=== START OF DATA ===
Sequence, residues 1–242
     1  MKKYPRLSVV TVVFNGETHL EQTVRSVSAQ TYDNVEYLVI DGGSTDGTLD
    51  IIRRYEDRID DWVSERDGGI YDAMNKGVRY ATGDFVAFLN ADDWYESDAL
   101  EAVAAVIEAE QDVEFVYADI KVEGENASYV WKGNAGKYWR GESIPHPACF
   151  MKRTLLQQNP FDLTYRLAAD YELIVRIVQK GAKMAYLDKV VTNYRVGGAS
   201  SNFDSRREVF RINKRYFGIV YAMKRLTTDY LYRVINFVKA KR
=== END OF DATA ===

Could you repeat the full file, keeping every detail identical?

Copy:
Sequence, residues 1–242
     1  MKKYPRLSVV TVVFNGETHL EQTVRSVSAQ TYDNVEYLVI DGGSTDGTLD
    51  IIRRYEDRID DWVSERDGGI YDAMNKGVRY ATGDFVAFLN ADDWYESDAL
   101  EAVAAVIEAE QDVEFVYADI KVEGENASYV WKGNAGKYWR GESIPHPACF
   151  MKRTLLQQNP FDLTYRLAAD YELIVRIVQK GAKMAYLDKV VTNYRVGGAS
   201  SNFDSRREVF RINKRYFGIV YAMKRLTTDY LYRVINFVKA KR